The Doctor of Philosophy Degree: A Selective, Annotated Bibliography by Anne L. BuchananThe Doctor of Philosophy Degree: A Selective, Annotated Bibliography by Anne L. Buchanan

The Doctor of Philosophy Degree: A Selective, Annotated Bibliography

byAnne L. Buchanan

Hardcover | September 1, 1995

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Since its early American inception in the mid 19th century, the Ph.D. has been the hallmark of American higher education. It has become the capstone for a multitude of disciplines and professional education, overshadowing other degree programs. Yet it has not been above controversy. Recent discussions of its purpose vis-a-vis teaching and professional endeavors have continued a long tradition of examining graduate education. This selective, annotated bibliography offers an entree to the Ph.D. phenomenon. Of interest to administrators, educators, and scholars, the volume covers the history, research, and evolution of the Ph.D. An introductory essay offers an historical overview and sets the degree within the context of contemporary research. The following chapters provide annotated entries on publications covering issues surrounding the Ph.D. Organized into four sections, the entries cover the controversies, critical studies, and purpose of the Ph.D. degree for science and technology, the social sciences, and the humanities disciplines. The entries introduce such topics as acculturation, completion rates, funding, requirements, and structure of the Ph.D.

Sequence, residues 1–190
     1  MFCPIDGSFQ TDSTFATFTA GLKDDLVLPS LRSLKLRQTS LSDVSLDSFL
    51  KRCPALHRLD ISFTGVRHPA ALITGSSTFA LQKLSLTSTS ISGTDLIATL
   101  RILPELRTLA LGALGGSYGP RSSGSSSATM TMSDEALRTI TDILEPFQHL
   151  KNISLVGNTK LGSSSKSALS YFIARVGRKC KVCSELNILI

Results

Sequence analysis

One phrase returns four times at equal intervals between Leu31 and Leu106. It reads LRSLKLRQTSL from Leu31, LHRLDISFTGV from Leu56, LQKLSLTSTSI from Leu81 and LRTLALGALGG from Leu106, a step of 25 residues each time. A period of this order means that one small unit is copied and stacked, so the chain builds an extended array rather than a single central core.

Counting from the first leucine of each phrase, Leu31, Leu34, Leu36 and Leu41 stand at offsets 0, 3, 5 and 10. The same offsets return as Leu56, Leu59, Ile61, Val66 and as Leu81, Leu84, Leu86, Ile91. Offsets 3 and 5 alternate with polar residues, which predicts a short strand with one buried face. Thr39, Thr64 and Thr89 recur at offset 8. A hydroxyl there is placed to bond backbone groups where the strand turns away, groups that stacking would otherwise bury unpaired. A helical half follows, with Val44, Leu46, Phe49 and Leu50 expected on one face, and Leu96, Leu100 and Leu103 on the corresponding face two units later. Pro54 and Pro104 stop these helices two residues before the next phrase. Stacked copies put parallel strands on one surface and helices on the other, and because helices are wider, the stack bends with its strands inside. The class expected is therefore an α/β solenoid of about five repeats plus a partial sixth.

Title:The Doctor of Philosophy Degree: A Selective, Annotated BibliographyFormat:HardcoverDimensions:144 pages, 9.41 × 7.24 × 0.98 inPublished:September 1, 1995Publisher:GREENWOOD PRESS INC.

The following ISBNs are associated with this title:

ISBN - 10:0313295395

ISBN - 13:9780313295393

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Editorial Reviews

?The completion and attainment of the Ph.D. degree has become the ultimate educational achievement for a multitude of disciplines. This bibliography promises both to offer an entree into the Ph.D. phenomenon and fill a gap in the reference resources in higher education studies...This slim volume will interest administrators, educators, and scholars as a thorough examination of the representative literature on the Ph.D. degree. Not only does it cover specific programs at specific universities, but is also conceptualizes overall degree requirements and comparative reports and analyses. It presents a nice balance between older and more recent published findings. This book is organized chronologically and provides a good starting point not only for the graduate student conducting preliminary research into Ph.D. programs, but also for the academic advisor of graduate students.?-NACADA Journal